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The Previous Claudia Gravelle Blog

By Claudia Muller Gravelle | Mortgage Broker
or Lender in Fremont, CA
  • Condos in Litigation? Can Do

    Posted Under: Home Buying, Home Selling, Property Q&A  |  October 20, 2014 11:27 AM  |  7 views  |  No comments

    With our current market conditions many condos are having issues getting financing.

    Here are a two of the most often of the condo exceptions we can finance:

    -complexes in litigation
    *primary and second homes 20% down minimum
    *investor 30% minimum

    -complexes with less than 50% owner occupancy
    *primary with 5% equity
    *investor with 30% equity

    Rates are slightly higher, but once the occupancy and the litigation is resolved, the values will increase (as the marketability increases) and refinancing will be possible. 

  • Previous VA Foreclosure? You CAN Use VA Benefit Again

    Posted Under: Home Buying in California, Financing in California, Military Movers in California  |  October 15, 2014 8:52 AM  |  17 views  |  No comments

    With all VA loans a borrower may purchase a home after only a 2 year waiting period. If the loan in question was a VA loan, the borrower may still utilize the VA loan benefits again, but the entitlement amount may be reduce.

    I recently closed a transaction where the borrower had a foreclosure in Tennessee ($60k loan amount) and was now purchasing in Alameda County (greater Bay Area where VA will go to $1Million loan amount) ($350k loan amount).

    Utilizing the remainder of entitlement calculations, we were able to get the borrower a new VA loan.  This worked because the veteran had foreclosed on a lower loan area than the area in which they were to be purchasing.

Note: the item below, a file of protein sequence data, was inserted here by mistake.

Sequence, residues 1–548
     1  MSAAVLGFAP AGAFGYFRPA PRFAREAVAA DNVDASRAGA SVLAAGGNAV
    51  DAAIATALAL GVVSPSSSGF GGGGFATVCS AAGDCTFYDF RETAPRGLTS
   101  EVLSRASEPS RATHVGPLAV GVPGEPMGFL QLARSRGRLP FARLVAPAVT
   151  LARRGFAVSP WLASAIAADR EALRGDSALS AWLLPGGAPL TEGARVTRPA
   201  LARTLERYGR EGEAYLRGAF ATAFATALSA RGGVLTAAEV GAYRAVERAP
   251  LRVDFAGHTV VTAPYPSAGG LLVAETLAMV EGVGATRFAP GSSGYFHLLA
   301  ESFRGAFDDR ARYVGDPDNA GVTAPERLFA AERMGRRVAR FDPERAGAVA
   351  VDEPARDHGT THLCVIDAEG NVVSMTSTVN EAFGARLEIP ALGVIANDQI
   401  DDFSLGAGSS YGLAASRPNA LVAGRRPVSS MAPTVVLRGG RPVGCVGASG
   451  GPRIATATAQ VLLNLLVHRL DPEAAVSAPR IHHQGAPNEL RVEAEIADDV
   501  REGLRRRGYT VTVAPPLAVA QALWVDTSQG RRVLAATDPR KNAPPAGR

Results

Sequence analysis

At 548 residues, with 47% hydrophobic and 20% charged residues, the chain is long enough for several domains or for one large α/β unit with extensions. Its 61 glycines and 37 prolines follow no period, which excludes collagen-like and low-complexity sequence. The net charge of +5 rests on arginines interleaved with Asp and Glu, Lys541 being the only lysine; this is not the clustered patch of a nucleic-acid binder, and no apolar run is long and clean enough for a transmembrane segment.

I post this because, our Veteran had been to six other lenders who did not do the calculations properly and gave this borrower a max loan of $225k. 
  • 100% Gift Down Payment CONVENTIONAL!! My Community Mortgage

    Posted Under: Home Buying in California, Financing in California, Agent2Agent in California  |  October 15, 2014 8:30 AM  |  24 views  |  No comments
    The My Community Mortgage allows a first time home buyer (no ownership interest in the past 3 years), to purchase a home without the standard "5% of their own funds".  See below for details.

    Previously, FHA was the only 100% gift option.  However, the upfront mortgage insurance premium and the monthly (1.25% of loan amount) amount of mortgage insurance does make the FHA loan quite expensive.

    My Community Mortgage offers a mortgage insurance premium that is greatly reduced.  This premium can be as low as .48 if the borrower has a credit score of 760+.  This is 1/3 of the MI cost of an FHA loan.

    Income limits do apply and are 140% of the median income in the state of California.  In Alameda and Contra Costa counties where I am focused, that means for a family of 2 would $125,560 per year.  Add two more to the household (children or in-laws), income maximum would be $143,250.

    This is a great program for those with little or no down payment, but gift available, good credit and a sizable family!


    Borrower may not have an ownership interest in any other residential dwelling at the time of closing. (A manufactured home, regardless of the type of property ownership, is considered a residential dwelling for this purpose. Ownership in a timeshare is not.)


    • Personal Gifts
    • Grants From a Qualified Entity
    • Employer Assistance
    • Community Seconds Defined in All Regs Selling Guide B5-5.1-02, Community Seconds Loan Eligibility (09/24/2013) All Down Payment Assistance programs


    • If ALL buyers are first time home buyers, then ONE buyer must complete
      and submit a Home-ownership Purchase Home Buyer Education and Counseling Certificate.
    • Must be independent and adhere to the National Industry Standards for
      Home ownership Education and Counseling
  • Update on Gift for Down Payment Rules

    Posted Under: Home Buying in California, Financing in California, Agent2Agent in California  |  September 24, 2014 2:23 PM  |  48 views  |  1 comment